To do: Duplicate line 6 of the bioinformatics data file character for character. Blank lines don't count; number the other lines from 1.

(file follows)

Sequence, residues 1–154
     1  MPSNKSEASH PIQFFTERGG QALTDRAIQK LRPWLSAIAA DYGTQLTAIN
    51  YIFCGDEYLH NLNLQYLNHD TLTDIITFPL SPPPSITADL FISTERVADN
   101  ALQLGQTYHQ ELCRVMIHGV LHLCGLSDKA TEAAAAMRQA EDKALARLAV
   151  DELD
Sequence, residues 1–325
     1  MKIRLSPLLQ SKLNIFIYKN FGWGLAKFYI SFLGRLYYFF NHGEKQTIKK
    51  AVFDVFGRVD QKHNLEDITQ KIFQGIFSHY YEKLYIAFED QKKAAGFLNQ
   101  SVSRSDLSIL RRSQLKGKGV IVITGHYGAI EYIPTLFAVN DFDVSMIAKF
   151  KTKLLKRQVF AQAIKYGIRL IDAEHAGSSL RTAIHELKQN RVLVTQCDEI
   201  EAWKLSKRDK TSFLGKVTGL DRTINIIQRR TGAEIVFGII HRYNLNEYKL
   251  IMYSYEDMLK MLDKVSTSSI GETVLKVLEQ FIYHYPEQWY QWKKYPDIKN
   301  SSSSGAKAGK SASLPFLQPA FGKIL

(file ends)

Sequence, residues 1–325